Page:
Do private education dollars count?

Blaise Joseph

15 September 2017 | Ideas@TheCentre

BJ school classroom students teacherDespite new international education data showing Australia spends more on education compared to the OECD average, some media managed to report the opposite — that we spend less.

How can this seeming mathematical magic be achieved? By sleight of hand that makes one category of funding vanish before the audience’s eyes. And it requires no rabbits and hats … just the blithe assumption that: Australia = Australian government.

Of course — and as you would expect — if we take into account both public and private money, Australia spends significantly more than the OECD average at all levels of education. This is because, in part, Australia has a relatively high proportion of students attending non-government schools compared to most other countries.

Common sense dictates that if people are spending more of their own money on education, the government should spend less, all else being equal. It’s an incredibly strange mentality to think a private dollar is somehow worth less than a public dollar.

In regards to school education, Australian school spending was 3.8% of GDP, higher than the OECD average of 3.6%. Furthermore, public spending on schooling as a percentage of total government expenditure in Australia was 9.4%, much higher than the OECD average of 8.1%. Australia’s spending in terms of money per student is also higher.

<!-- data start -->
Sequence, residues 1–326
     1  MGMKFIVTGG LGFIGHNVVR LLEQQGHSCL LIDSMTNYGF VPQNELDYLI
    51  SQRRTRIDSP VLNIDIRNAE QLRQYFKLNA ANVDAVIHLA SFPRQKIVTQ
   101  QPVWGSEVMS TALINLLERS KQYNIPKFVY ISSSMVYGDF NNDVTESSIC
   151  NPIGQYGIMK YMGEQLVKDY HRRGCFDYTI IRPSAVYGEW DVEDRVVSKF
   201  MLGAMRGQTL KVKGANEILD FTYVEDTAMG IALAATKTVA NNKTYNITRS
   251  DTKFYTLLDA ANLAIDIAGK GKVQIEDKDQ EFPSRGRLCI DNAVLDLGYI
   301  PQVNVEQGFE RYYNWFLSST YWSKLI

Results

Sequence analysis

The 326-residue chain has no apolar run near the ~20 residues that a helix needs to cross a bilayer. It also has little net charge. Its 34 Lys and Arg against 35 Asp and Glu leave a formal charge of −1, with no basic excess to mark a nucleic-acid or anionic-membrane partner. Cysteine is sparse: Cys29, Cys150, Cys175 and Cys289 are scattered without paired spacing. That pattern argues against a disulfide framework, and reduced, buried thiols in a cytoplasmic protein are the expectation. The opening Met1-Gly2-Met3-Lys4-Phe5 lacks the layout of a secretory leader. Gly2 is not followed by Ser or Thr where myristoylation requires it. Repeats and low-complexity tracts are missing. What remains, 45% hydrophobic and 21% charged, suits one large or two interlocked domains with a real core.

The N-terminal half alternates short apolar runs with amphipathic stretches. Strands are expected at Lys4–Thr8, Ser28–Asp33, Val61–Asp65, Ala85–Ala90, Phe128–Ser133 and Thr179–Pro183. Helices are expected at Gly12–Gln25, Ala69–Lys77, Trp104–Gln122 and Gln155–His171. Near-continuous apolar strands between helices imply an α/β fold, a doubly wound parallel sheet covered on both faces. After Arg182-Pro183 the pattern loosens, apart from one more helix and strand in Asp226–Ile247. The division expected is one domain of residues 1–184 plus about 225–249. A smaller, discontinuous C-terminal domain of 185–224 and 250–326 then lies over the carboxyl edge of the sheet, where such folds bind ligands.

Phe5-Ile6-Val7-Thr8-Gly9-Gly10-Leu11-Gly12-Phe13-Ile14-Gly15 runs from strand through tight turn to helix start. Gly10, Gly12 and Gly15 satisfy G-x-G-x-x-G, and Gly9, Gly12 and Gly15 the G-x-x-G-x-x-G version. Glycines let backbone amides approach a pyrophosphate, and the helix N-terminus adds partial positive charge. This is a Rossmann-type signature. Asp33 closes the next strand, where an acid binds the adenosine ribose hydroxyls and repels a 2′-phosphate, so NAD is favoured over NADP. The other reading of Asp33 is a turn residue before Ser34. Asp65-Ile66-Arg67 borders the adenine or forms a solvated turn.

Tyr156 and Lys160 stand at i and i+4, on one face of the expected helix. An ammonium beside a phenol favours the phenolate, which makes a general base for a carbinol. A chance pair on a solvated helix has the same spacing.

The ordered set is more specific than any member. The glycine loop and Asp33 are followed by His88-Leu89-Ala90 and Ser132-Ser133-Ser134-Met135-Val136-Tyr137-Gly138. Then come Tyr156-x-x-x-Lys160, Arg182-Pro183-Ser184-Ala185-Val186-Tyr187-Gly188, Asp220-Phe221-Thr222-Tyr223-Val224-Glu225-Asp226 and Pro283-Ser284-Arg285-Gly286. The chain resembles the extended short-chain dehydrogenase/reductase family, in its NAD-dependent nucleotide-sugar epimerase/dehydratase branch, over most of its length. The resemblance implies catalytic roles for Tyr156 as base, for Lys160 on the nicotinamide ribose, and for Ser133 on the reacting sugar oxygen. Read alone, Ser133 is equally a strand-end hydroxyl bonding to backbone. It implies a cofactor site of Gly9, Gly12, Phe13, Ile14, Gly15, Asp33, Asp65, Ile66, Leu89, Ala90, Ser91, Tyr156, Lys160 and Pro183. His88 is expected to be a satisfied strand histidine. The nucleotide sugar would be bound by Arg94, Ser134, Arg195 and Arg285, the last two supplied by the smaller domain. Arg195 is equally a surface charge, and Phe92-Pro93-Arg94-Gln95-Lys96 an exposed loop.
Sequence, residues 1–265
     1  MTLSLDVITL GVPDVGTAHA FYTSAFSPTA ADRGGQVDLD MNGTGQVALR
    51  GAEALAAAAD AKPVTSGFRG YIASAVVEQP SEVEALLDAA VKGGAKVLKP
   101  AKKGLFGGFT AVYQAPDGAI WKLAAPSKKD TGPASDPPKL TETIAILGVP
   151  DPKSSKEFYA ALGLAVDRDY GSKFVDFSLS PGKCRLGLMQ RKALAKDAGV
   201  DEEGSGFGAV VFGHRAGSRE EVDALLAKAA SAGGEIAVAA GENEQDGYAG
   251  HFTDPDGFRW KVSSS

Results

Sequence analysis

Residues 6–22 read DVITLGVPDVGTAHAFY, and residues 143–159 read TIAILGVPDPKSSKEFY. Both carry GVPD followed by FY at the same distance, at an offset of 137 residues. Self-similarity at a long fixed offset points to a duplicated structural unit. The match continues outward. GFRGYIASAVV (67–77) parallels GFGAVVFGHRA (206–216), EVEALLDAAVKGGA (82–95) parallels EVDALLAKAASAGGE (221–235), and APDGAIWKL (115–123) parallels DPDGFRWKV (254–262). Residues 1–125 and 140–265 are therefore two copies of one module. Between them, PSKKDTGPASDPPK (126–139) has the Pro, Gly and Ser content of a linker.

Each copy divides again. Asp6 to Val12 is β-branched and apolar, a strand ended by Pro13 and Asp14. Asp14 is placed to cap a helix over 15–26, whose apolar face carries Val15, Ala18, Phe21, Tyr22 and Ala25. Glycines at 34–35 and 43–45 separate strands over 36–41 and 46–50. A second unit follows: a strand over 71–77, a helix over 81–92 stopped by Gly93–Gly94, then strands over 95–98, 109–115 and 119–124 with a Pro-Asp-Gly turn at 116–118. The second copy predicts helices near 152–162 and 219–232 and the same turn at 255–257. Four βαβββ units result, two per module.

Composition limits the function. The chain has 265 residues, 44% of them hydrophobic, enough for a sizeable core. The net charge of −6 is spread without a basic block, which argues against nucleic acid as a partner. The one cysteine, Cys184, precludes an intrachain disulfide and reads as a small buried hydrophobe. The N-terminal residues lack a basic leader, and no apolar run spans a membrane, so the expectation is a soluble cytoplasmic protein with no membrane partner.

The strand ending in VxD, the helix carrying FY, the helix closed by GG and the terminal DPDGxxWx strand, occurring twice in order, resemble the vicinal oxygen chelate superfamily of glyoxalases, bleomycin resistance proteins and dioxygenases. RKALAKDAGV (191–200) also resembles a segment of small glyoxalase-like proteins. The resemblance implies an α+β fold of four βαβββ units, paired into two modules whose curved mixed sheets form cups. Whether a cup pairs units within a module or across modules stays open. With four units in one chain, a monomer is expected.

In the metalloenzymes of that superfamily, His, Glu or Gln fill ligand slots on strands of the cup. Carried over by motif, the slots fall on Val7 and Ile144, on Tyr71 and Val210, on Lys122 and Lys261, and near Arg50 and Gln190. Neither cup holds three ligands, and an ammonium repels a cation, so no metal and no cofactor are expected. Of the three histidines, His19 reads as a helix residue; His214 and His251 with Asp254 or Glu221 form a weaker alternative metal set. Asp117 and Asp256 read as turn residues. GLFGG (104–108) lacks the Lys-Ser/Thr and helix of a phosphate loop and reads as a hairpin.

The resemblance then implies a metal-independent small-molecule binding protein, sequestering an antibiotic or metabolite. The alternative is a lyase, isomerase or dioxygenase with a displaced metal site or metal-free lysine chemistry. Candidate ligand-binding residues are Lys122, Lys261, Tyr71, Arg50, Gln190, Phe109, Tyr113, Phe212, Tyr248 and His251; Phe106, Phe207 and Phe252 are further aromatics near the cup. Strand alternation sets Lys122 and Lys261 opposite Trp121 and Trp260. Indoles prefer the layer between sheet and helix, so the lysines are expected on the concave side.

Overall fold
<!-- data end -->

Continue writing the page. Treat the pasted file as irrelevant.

Based on this data, there is no justification for claims of widespread underfunding in Australia’s school system.

In addition, this confirms there is no clear link between school funding and student outcomes at a national level. For example, Japan outperformed Australia on all recent international literacy and numeracy tests but spent much less money.

The comparable data released by the OECD is for 2014 and is always several years delayed, so the figures do not take into account all the large increases in ‘Gonski funding’ which only began in 2014 and increased at a faster rate in subsequent years. If anything, the numbers likely understate Australia’s current level of school spending relative to the rest of the world.

This is a further indication the ‘Gonski 2.0’ school funding increases are exorbitant, and the government should reduce the excessive funding growth in future years.

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